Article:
Best time to visit Saudi Arabia

All was sun-parched; the furious heat from above was drying up the sap and juice of the land
Top quote: Richard Francis Burton travelling through Arabia in the 1850s
Not in summer. Saudi Arabia is a winter destination. The country has an arid desert climate, and it’s best to go when it’s cool enough to be out seeing the archaeological sites, where there’s very little shade. The official tourist season runs from October to March, however the best months to visit are between November and February when the weather is coldest. The average daily high in Riyadh is still 28°C in November, but it drops to 22°C in December. It’s cooler in the mountains, and the south of the country even experiences the effects of the Indian Ocean monsoon.

Riyadh Weather Chart

RAIN (mm)

Saudi Arabia, month by month

January is the coldest month in Saudi Arabia. Temperatures in Riyadh, one of the hottest provinces, dip to an average daily high of 20°C. Nights in the desert can be a lot colder. The famous Dakar Rally comes to tackle Saudi Arabia’s sand dunes in January. In early spring, usually February or March, Al-Jenadriyah, a two week cultural festival near Riyadh, runs for two weeks and features an extravaganza of regional delicacies. Jeddah holds its Red Sea Festival, a film festival, in March – a novelty for a country that banned cinema for decades. From March to April are the ‘wettest’ times in Asir, Saudi Arabia’s southwest mountain region, which gets most of its sparse rainfall in spring. It’s enough to make the mountains green and leafy – or leafy for Arabia, at least. Tourist season ends in March. Visiting Saudi Arabia during Ramadan is not for the fainthearted. Strict fasting takes places and shops won’t serve food before sunset. You won’t be allowed to eat in public in the day. However, when night falls, the atmosphere changes abruptly – in Jeddah, places stay open all night. The next dates for Ramadan are in April: 23rd April 2020, 12th April 2021 and 2nd April 2022. In the three days after Ramadan end come the biggest celebrations in the calendar: Eid, when gifts are given, and the end of the fast is marked with feasting (what else?). May and June sees temperatures get hotter as high summer approaches. In July and August the average maximum daily high in Riyadh is 43°C, and it can get much hotter – the record is 55°C. You won’t have much luck heading to the sea either, as the coast isn’t much cooler, and gets almost intolerably humid as well. At the high mountain resort of Abha, it’s a slightly more manageable 30°C average high in the summer. Saudi Arabia’s National Day is on 23 September. Look out for people in green and white – the country’s colours. Tourist season in the country starts in October, peaks from November to February, and ends in March. The capital can get very hot, but thankfully by December temperatures have sunk to an average daily high of 22°C. On the Red Sea coast the sea temperature is still 30°C in October, dropping to 28°C in December – ever fancied snorkelling in a bath?

Our top Saudi Arabia Holiday

Saudi Arabia small group holiday

Saudi Arabia small group holiday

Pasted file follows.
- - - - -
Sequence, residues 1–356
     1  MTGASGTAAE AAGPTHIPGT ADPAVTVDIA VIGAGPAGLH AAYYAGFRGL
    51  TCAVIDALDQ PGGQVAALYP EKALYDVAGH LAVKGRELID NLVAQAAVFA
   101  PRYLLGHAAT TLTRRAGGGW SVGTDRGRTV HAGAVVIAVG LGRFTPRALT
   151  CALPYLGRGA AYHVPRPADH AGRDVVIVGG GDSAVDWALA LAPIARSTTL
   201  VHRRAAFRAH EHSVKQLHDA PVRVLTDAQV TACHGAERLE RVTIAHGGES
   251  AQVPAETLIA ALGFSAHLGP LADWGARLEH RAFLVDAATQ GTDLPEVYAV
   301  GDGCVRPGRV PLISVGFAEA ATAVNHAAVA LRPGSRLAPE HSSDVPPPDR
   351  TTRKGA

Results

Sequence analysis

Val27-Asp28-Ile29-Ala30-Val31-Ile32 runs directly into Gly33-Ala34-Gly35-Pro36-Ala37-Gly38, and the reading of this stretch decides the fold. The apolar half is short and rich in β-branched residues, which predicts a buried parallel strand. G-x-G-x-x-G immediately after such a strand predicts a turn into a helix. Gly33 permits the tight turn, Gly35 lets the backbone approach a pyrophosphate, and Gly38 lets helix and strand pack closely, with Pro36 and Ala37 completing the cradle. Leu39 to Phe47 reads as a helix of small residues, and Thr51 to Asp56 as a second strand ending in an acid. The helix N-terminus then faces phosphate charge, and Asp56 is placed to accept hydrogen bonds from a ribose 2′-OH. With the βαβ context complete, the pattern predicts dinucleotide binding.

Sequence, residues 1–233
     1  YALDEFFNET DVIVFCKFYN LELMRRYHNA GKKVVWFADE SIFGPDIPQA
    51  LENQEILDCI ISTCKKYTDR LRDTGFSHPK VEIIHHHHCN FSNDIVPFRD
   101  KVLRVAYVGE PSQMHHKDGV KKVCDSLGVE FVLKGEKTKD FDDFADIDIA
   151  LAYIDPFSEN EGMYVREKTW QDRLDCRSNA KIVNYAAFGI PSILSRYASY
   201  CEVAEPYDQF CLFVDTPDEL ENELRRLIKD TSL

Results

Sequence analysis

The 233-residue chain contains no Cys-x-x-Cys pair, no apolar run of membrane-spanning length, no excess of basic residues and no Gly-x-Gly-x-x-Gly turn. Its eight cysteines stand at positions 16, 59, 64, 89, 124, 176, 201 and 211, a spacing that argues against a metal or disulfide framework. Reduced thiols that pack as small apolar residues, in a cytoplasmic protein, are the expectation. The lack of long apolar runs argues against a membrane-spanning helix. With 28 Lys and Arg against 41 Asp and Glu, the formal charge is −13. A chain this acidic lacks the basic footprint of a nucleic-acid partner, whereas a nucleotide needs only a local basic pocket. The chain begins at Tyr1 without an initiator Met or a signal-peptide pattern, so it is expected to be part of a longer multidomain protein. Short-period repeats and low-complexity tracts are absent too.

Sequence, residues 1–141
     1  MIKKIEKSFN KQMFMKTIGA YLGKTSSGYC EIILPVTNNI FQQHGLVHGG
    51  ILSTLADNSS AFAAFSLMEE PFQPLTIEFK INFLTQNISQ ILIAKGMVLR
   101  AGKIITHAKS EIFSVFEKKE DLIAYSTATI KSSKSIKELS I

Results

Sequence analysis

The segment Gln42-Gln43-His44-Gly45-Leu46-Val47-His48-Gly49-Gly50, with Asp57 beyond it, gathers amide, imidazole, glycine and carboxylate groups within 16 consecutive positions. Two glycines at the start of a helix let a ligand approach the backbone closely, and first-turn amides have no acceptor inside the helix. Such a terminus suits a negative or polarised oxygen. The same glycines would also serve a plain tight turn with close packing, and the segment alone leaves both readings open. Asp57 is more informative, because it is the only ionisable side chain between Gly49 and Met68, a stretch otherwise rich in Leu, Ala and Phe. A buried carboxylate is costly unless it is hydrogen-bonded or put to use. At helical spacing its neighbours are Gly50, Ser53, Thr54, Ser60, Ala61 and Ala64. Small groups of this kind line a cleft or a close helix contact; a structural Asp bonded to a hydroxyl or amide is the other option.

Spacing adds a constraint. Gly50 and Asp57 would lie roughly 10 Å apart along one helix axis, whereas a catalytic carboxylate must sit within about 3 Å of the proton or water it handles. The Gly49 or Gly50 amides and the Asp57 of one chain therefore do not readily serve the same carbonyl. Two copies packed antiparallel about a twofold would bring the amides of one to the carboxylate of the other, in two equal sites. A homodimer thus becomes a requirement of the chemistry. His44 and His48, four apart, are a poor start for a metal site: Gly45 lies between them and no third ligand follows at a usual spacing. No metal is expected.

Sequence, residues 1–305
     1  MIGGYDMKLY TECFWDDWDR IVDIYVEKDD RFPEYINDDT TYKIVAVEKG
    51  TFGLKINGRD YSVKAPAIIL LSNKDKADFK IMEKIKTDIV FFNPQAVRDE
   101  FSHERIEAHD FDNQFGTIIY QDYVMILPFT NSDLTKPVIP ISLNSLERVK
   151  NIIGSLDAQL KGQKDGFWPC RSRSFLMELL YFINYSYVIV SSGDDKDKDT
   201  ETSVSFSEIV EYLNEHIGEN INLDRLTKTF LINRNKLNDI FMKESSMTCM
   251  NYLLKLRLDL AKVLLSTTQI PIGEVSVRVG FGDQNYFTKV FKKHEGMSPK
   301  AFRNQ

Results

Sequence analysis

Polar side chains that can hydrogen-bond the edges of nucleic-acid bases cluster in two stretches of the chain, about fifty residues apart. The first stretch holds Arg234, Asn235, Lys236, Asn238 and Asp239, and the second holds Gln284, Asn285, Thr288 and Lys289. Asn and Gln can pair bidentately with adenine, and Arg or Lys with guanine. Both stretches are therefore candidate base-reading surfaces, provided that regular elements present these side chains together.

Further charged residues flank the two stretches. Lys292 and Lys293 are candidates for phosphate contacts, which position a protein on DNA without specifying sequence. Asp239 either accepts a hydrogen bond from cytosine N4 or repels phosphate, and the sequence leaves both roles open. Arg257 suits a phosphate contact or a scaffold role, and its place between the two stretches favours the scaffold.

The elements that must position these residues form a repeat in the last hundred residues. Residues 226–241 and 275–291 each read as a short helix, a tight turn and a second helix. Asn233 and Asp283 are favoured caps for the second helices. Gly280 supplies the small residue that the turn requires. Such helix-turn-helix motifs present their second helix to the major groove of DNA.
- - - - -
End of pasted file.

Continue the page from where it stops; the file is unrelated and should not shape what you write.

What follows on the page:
See the natural & cultural sights of Saudi Arabia in 11 days

From £4745 to £4995 11 days ex flights
Small group travel:
2022: 17 Jan, 4 Feb, 14 Feb, 25 Feb, 11 Mar, 21 Oct, 4 Nov, 14 Nov, 2 Dec, 23 Dec
2023: 6 Jan, 16 Jan, 17 Feb, 27 Feb, 30 Oct, 10 Nov, 20 Nov, 1 Dec, 22 Dec
Travel Team
If you'd like to chat about Saudi Arabia or need help finding a holiday to suit you we're very happy to help.

Things to do & not do in Saudi Arabia

Things to do in Saudi Arabia

Go on cultural tours. You shouldn't miss the country's UNESCO-listed sights. There are five, and when the tourism industry is fully up and running in the country they should be the highlights of your trip. Try camel bacon, fine non-Alcoholic Sauvignon Blancs and fruity virgin cocktails. Pork products and alcohol are strictly prohibited in the country, so you need to come up with other vices. Touch the desert. Saudi Arabia contains part of the largest continuous sand desert in the world: Rub' al Khali or ‘The Empty Quarter’. The country itself is around 90 percent desert and a popular stop for any visitors heading out of Riyadh is Jebel Fihrayn, ‘The Edge of the World’. This dramatic rock escarpment has spectacular views of an ancient ocean bed, now a dry plain sitting 300 metres below.

Things not  to do in Saudi Arabia

Travel solo. This is one of those places where it’s so much easier to get around as a group with a tour guide. So much of Saudi life, especially for women, is conducted in private. The best insight will be through a responsible tour, who may even be able to set up meetings with local people.
Expect entertainment. Cinemas and theatres closed in the 1980s around Saudi Arabia as part of the Islamic Revival that spread from Iran. Some cinemas reopened in 2018, but the entertainment industry is pretty non-existent. 90 percent of published literature is religious.
Expect open doors. Much of Saudi Arabia’s culture is inaccessible and ex-pats tend to live in compounds. There are whole cities in the country – Mecca and Medina – that are closed off to non-Muslim tourists. You won’t be allowed in holy places, and you should be prepared for strict, non-negotiable gender segregation. Same-sex intimacy is severely punished.
Written by Eloise Barker
Photo credits: [Page banner: Peter Dowley] [Top box: hoganj] [Things to do/not do: Basheer Olakara]